Trial and Error
Here are the most useful things I picked up by trial and error, and from my friends from other places along the way:
1. Cook the meat longer than you think you should, and don't drain all the fat. Continuing to cook the meat along with the fat makes the ground beef extremely tender.
2. Add only dry spices during the fat-simmering stage of cooking. If you add wet spices, it ruins the cooking due to the water content. However, the dry spices will get absorbed by the fat, and then cook into the meat.
3. Cumin is the flavor that I think of when I think of the flavor of chili. Always add a lot more than you think you should (if you're like me). Others like the flavor of chili powder more, so if you're one of those, just add a lot of chili powder.
4. Spice the meat much more heavily than you think you should -- that way you don't have to spice the tomatoes and beans at all. The flavor from the meat will just leech out into the liquid.
5. Raw onions have a much better flavor in chili than cooked onions. So, instead of sauteeing onions as most people would do before cooking the beef in the onions, add fresh onions at the very end of cooking.
6. The longer you cook the chili in a crock pot, the more flavorful and tender it will be. In particular, the beans take a long time to develop flavor.
7. The beans and tomatoes take forever to warm up, so it's best to start them in the crock pot on high heat while you're preparing the meat+spice mixture.
8. Chipotle chilis have an awesome, but extremely strong flavor. Great to use, but don't use too much!
And now the rough instructions! You should definitely adjust the spicing to suit your tastes. Some people prefer heavy-cumin (like me). Some prefer heavy chili powder. Some prefer no beans. Some prefer only a little salt, some like a lot. Some like it really spicy (cayenne peppers!) and some like it sweeter (paprika and guajillo peppers). About 30% of the population hates cilantro and thinks it tastes like soap (!?!). So, due to the wide variation in taste preferences, I won't bother to give a huge amount of detail on spice amounts other than the rough indications in the video.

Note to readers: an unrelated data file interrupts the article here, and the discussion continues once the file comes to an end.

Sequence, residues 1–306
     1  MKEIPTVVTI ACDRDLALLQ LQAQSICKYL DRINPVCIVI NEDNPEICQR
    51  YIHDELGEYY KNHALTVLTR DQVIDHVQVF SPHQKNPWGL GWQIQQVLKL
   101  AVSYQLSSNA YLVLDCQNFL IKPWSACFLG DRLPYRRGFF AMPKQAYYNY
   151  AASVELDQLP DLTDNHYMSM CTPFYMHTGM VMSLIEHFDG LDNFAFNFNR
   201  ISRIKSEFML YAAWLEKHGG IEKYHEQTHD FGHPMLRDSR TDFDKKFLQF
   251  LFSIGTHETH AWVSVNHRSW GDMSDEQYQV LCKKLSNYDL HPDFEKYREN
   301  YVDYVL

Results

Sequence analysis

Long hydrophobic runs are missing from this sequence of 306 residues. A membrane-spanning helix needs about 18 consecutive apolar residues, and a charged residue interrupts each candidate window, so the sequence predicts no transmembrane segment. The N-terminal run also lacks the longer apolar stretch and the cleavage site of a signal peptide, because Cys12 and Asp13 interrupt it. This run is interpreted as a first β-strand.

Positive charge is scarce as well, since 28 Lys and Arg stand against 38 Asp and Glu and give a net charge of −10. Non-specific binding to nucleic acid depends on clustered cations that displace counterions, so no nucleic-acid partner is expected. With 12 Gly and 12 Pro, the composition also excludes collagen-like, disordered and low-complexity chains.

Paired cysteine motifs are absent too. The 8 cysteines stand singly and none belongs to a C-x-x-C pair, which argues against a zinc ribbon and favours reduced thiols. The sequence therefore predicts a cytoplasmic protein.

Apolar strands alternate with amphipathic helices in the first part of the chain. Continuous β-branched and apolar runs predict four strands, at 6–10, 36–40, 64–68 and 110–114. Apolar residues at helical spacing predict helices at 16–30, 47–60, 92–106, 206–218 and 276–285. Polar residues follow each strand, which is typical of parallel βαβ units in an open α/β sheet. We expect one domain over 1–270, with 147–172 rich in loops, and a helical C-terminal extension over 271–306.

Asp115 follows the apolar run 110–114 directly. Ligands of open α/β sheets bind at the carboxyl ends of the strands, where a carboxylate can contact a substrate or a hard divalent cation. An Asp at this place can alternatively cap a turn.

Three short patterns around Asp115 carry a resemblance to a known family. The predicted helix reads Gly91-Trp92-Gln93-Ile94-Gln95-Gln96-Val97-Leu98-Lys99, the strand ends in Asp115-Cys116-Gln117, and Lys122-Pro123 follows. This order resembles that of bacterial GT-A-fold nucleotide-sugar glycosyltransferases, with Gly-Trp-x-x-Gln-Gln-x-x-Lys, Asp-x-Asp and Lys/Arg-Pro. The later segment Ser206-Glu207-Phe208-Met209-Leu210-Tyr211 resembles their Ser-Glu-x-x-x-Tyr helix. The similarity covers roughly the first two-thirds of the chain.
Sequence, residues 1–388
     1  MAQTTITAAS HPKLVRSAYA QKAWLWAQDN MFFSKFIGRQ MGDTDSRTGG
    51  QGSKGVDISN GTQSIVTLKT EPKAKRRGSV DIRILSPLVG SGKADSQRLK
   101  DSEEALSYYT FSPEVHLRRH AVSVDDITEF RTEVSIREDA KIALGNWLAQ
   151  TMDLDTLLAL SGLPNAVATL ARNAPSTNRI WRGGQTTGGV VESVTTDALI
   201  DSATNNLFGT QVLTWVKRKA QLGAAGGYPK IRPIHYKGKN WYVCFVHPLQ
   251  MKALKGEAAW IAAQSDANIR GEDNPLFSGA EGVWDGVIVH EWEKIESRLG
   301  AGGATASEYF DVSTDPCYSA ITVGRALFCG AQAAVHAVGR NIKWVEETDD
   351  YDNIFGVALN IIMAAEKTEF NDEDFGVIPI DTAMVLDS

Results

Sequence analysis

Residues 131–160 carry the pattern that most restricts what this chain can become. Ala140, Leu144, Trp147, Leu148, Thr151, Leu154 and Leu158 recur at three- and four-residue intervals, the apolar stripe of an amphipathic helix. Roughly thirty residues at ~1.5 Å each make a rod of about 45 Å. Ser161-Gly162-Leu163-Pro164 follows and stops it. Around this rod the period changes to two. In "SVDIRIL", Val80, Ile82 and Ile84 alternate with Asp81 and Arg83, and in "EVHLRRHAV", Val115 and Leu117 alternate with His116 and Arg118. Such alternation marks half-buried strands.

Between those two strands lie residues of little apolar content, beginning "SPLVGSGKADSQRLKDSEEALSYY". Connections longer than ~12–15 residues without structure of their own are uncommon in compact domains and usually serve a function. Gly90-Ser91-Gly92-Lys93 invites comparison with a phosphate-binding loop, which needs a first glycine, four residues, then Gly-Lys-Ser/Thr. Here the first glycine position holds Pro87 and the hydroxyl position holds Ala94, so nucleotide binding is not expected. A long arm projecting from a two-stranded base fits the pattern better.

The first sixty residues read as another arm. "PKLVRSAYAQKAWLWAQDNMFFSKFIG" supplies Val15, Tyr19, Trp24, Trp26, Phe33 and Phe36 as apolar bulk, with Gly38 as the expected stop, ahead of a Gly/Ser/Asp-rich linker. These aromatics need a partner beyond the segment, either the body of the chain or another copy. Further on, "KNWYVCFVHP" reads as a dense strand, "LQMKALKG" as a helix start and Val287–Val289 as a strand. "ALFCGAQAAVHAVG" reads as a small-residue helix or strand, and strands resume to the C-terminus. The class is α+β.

Step 1: Step One: Brown Ground Beef and Start Crock Pot (5 Minutes)
In a pan, start browning 1.5-2 pounds of ground beef. This will make enough chili for 8 normal people or 4 teenagers. The browning step takes the longest, so start this first.
The second longest step is the time it takes to get the diced tomatoes and kidney beans up to temperature. I'm lazy, so I just use the largest can I can find of each at the store instead of chopping tomatoes myself. Note that people prefer different ratios of beans and tomatoes -- it's perfectly reasonable to do anything from using twice the tomatoes and no beans, to using half the tomatoes and twice the beans. The primary constraint is to make it so that the overall liquid level is high enough to fit the meat, and so if you don't add enough tomatoes it will be dry. Most of the liquid in the chili comes from the tomatoes. For me, I used a 25 oz can of kidney beans and a 28 oz can of tomatoes, because that's the size they happened to come in at the store.
Throw them together in a crock pot, and set the temperature to high while the ground beef is browning. This is also a good lull time to chop some onions up finely for addition in the final step, but if you're like me and you love the flavor of raw onions, don't add them until near the end of cooking in the crock pot.
Step 2: Step Two: Spice Ground Beef and Add to Crock Pot (7 Minutes)
Note the substantial color change in the meat between the "regular" browned ground beef and the cooked down, fat-infused, spiced ground beef.
Step 3: Finished: Add Raw Onions and Eat!
As the final step, add diced onions to the crock pot, and let it cook for perhaps 5 minutes. Then serve!
This recipe can be used nearly identically to produce 15 minute spiced meat for burritos or tacos. Much, much more flavor and control over the spice level than spice packets! Only variation is that instead of adding the meat to the tomatoes and beans, you add two tablespoons of flour along with 1 cup of water. The flour and water will form a sauce that thickens as you simmer the meat. I'll make an instructable for that eventually, but for now it's not terribly complicated once you have the base meat seasoned.